IDEAS home Printed from
   My bibliography  Save this article

Enriched Foodstuff on Basis of European Regulations N.1924 and N. 1925 Introduced in 2006: An Analysis of Consumer Protection


  • Angela Tarabella

    () (Universita di Pisa)

  • Barbara Burchi

    () (Universita di Pisa)


The goal of this work is to analyse the underlying reasons of the EC Regulations nos. 1924 and 1925 of 2006 which rule the nutrition and health claims used in commercialising some categories of food products. In particular, we investigated the importance of enriched foods, the different types existing in the market and their characteristics that depend on the adding process of specific elements or substances. The commonest enriched foods are produced with small amounts of minerals and vitamins, even though the mentioned EC regulations do not exclude the addition of other substance with beneficial effect for health. Recent studies highlighted that in the labyrinth of diversified food innovations, consumers are not always provided with appropriate information to correctly understand the nutrition label of food products in order to make rational choices according with nutritional requirements. Moreover, just a few years after the introduction of EC Regulations nos. 1924 and 1925 of 2006, the high number of messages conveyed by the advertising of enriched products and the lack of comprehensive legislation make the understanding of nutrition messages more difficult and reduce the consumer protection.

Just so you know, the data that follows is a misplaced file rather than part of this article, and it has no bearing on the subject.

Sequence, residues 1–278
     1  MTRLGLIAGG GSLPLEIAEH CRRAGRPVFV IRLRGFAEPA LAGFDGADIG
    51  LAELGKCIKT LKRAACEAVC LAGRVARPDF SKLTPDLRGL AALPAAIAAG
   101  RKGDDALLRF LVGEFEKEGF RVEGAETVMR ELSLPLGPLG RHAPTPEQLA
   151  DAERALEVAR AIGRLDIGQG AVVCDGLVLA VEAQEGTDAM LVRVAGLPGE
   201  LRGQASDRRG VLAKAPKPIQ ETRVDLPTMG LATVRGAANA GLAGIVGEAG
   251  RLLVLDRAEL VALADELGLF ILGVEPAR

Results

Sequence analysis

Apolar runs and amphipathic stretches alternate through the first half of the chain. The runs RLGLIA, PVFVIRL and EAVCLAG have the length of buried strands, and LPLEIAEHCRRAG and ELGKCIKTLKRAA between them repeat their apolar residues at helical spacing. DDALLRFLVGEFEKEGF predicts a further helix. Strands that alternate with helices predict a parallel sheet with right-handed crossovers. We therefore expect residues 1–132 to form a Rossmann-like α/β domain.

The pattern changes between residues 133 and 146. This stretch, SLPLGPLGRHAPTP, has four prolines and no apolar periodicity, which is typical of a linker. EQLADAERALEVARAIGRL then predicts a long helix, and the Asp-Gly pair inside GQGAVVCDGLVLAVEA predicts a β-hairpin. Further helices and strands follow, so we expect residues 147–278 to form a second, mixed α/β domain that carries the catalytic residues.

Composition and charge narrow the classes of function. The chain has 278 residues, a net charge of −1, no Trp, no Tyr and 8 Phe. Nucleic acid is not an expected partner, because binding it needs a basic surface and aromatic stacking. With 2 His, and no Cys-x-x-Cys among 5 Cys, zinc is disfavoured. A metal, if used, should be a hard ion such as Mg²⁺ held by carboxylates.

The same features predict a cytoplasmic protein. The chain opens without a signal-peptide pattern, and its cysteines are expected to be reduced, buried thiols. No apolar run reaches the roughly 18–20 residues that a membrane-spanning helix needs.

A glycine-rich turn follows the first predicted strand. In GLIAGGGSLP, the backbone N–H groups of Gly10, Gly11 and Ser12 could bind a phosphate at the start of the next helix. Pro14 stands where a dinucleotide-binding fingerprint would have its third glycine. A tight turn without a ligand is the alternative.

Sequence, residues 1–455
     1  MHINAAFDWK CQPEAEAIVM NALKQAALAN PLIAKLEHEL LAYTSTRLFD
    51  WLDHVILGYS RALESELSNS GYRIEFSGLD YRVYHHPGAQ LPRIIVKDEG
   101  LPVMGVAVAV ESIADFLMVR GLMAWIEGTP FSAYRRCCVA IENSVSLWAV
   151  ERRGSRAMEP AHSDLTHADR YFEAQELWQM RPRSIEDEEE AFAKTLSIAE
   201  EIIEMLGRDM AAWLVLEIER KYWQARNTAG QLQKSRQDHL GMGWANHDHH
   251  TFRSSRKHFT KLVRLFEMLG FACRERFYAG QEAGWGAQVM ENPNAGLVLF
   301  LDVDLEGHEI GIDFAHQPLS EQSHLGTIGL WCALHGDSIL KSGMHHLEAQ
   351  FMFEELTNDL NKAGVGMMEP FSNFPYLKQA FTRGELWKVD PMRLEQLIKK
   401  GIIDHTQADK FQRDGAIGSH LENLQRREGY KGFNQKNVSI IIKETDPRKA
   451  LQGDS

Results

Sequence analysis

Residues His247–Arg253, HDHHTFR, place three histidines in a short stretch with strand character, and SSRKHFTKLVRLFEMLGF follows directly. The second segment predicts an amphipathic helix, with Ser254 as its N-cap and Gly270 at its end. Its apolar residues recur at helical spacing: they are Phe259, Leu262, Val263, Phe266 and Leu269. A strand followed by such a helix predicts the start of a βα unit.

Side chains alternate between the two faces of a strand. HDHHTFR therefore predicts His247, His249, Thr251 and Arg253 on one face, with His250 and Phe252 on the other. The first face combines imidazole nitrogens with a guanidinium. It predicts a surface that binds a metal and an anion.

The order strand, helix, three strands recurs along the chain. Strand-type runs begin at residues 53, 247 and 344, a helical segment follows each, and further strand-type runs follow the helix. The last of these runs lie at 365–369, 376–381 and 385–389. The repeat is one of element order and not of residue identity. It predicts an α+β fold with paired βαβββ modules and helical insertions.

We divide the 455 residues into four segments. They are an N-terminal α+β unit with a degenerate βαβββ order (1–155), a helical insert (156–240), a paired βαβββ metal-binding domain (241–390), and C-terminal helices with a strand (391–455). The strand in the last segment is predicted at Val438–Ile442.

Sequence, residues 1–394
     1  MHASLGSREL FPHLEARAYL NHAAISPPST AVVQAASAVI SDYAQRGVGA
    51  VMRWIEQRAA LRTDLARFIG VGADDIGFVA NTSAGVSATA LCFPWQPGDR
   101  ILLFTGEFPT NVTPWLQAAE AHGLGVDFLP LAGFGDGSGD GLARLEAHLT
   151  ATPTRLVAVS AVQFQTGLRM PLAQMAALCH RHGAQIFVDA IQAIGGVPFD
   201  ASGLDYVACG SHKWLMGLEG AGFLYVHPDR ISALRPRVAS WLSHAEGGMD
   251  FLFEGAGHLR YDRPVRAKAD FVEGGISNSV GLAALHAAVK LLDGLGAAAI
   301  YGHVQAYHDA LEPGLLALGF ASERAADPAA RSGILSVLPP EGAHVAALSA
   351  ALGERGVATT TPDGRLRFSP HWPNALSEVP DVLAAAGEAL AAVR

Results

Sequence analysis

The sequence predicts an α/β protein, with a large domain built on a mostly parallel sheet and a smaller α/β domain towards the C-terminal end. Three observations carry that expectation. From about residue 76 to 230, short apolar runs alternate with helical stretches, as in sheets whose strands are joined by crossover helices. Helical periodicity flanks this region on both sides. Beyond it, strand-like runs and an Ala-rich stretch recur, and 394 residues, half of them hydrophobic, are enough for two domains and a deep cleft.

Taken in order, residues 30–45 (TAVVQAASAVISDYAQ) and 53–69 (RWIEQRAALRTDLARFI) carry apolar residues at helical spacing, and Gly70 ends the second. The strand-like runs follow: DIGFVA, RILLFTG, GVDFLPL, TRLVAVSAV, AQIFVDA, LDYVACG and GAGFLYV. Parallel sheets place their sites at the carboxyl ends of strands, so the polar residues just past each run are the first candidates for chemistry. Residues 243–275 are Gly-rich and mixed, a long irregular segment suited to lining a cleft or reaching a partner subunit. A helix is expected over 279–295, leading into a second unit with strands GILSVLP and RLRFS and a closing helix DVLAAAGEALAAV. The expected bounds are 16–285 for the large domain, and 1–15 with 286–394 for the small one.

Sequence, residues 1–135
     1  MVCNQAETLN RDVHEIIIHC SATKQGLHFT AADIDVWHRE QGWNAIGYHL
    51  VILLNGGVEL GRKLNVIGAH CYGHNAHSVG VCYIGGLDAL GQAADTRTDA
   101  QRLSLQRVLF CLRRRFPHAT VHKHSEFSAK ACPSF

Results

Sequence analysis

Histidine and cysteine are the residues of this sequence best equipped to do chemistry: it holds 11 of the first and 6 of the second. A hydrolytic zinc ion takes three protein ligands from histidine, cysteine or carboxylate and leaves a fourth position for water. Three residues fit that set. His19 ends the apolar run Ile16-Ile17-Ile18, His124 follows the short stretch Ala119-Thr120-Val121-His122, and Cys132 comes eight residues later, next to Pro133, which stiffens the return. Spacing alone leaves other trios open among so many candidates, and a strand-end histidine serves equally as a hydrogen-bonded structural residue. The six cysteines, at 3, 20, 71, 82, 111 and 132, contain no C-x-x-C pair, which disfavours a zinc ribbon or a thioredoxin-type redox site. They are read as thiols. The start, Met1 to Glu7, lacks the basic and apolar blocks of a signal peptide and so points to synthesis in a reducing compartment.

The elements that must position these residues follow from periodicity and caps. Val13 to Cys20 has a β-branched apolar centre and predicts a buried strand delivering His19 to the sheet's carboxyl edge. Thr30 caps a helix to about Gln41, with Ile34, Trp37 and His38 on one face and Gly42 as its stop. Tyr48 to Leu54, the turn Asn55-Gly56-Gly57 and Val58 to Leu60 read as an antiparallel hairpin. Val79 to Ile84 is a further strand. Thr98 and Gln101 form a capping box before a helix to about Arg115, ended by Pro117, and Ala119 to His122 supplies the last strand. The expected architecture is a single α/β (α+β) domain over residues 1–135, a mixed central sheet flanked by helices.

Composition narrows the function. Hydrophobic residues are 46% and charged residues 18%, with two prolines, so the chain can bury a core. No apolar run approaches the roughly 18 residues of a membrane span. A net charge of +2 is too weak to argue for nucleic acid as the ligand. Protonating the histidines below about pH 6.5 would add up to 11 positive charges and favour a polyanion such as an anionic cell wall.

Suggested Citation

  • Angela Tarabella & Barbara Burchi, 2012. "Enriched Foodstuff on Basis of European Regulations N.1924 and N. 1925 Introduced in 2006: An Analysis of Consumer Protection," International Journal of Economic Practices and Theories, Academy of Economic Studies - Bucharest, Romania, vol. 2(1), pages 28-35, January.
  • Handle: RePEc:aes:ijeptp:v:2:y:2012:i:1:p:28-35

    Download full text from publisher

    File URL:
    Download Restriction: no

    More about this item


    multiple source assessment; human resource management; performance;

    JEL classification:

    • D18 - Microeconomics - - Household Behavior - - - Consumer Protection
    • L66 - Industrial Organization - - Industry Studies: Manufacturing - - - Food; Beverages; Cosmetics; Tobacco


    Access and download statistics


    All material on this site has been provided by the respective publishers and authors. You can help correct errors and omissions. When requesting a correction, please mention this item's handle: RePEc:aes:ijeptp:v:2:y:2012:i:1:p:28-35. See general information about how to correct material in RePEc.

    For technical questions regarding this item, or to correct its authors, title, abstract, bibliographic or download information, contact: (Catalin Boja). General contact details of provider: .

    If you have authored this item and are not yet registered with RePEc, we encourage you to do it here. This allows to link your profile to this item. It also allows you to accept potential citations to this item that we are uncertain about.

    We have no references for this item. You can help adding them by using this form .

    If you know of missing items citing this one, you can help us creating those links by adding the relevant references in the same way as above, for each refering item. If you are a registered author of this item, you may also want to check the "citations" tab in your RePEc Author Service profile, as there may be some citations waiting for confirmation.

    Please note that corrections may take a couple of weeks to filter through the various RePEc services.

    IDEAS is a RePEc service hosted by the Research Division of the Federal Reserve Bank of St. Louis . RePEc uses bibliographic data supplied by the respective publishers.